Located in the Moaroantsetra region, on the peninsula of Masoala, the park is mostly covered by 235,000 hectares of primary forest. Thanks to its high annual rainfall, it has a mangrove vegetation. The name of "national park" was attributed to it in 1997. It is a protected area which is constituted of 2300 km2 of terrestrial park sheltering a multitude of endemic species, and of 100 km2 of marine park abounding of aquatic specimens and covered a large expanse of coral reefs.
A highly varied fauna
More than half of the mammals listed in Madagascar are found on the peninsula of Masoala. The park's coastline is teeming with endemic marine fish, reptiles and amphibians, like the tomato frog. Between July and September, humpback whales are visible off the peninsula. In addition, the park's forest areas are home to nearly 15 different varieties of lemurs, including the Aye-aye, the eastern-forked lemur and the real red. Rare birds such as Eurycere Prévost, red owl and snake eagle also populate the island.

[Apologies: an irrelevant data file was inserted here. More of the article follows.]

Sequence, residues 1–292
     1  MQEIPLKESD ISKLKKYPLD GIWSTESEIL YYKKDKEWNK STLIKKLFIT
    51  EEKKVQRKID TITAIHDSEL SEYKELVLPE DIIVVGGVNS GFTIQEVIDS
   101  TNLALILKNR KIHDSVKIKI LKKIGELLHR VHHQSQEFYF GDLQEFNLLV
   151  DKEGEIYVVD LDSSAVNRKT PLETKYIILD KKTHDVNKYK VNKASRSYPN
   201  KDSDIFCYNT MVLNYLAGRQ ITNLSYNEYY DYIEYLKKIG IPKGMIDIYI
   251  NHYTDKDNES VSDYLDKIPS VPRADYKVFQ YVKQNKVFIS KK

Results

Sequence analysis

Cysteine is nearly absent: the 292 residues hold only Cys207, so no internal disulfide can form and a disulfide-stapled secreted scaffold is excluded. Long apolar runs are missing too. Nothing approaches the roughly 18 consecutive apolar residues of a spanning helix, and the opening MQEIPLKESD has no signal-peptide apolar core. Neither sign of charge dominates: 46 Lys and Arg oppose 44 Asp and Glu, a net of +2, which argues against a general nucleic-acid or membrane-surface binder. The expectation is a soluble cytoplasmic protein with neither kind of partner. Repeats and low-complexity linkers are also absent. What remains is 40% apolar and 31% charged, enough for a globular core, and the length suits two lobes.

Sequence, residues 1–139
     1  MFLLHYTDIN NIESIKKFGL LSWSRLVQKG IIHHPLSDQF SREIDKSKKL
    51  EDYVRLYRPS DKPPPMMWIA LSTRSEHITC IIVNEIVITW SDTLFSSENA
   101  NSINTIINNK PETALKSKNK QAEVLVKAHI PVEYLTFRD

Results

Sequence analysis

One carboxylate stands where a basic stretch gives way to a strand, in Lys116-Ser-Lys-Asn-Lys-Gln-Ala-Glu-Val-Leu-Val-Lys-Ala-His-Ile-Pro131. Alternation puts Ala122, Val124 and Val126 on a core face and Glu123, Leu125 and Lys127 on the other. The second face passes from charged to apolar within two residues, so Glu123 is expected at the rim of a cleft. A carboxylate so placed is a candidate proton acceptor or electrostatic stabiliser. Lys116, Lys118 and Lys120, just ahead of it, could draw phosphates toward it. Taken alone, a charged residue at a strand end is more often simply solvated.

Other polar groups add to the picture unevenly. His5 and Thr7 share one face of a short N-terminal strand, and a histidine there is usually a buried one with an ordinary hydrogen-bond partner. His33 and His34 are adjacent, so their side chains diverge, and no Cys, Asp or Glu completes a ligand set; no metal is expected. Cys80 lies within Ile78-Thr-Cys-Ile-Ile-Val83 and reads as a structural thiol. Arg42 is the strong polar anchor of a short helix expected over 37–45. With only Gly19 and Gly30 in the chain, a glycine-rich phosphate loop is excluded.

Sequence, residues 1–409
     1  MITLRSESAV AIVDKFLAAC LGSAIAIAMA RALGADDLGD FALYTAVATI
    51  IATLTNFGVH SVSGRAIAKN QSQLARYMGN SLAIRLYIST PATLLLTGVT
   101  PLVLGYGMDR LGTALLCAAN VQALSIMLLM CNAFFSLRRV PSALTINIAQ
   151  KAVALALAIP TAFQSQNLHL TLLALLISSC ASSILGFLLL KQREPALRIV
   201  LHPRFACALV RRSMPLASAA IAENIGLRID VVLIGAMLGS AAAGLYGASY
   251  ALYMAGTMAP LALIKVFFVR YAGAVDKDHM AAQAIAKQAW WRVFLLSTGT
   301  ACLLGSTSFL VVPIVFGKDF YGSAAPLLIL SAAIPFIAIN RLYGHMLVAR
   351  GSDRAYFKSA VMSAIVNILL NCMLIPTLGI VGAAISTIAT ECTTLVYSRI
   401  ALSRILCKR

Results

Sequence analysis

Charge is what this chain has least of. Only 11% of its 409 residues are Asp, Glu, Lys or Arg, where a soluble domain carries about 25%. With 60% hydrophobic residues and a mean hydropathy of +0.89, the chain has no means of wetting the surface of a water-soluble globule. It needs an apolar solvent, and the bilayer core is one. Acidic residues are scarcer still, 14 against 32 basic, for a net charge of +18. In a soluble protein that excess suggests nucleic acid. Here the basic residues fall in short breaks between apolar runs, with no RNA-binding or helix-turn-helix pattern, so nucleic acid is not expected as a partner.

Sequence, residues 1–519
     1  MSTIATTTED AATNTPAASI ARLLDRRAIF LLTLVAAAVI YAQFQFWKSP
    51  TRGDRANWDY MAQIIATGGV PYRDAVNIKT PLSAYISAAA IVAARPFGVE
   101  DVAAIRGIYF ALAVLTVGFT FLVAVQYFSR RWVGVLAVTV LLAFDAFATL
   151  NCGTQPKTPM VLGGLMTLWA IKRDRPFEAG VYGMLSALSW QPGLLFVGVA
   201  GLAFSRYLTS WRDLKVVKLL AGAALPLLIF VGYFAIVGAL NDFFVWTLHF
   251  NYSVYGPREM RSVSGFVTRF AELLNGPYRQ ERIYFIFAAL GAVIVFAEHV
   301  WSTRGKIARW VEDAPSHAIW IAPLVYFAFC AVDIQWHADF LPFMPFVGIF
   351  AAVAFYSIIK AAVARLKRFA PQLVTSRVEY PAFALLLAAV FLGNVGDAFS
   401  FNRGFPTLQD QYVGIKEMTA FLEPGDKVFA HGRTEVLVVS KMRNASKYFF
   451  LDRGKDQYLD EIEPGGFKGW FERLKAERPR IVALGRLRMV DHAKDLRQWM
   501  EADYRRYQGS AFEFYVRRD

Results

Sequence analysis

Lush vegetation at will
Nearly 50% of Malagasy flora is also found in Masoala National Park. Indeed, about fifty varieties of palm trees are listed on the peninsula. Nepenthes masoalensis, a carnivorous plant endemic to the Big Island, is also found in the park. Many varieties of ferns also make up the lush vegetation of the park. In addition, 99 different species of seaweed are recorded on the coast of Masoala.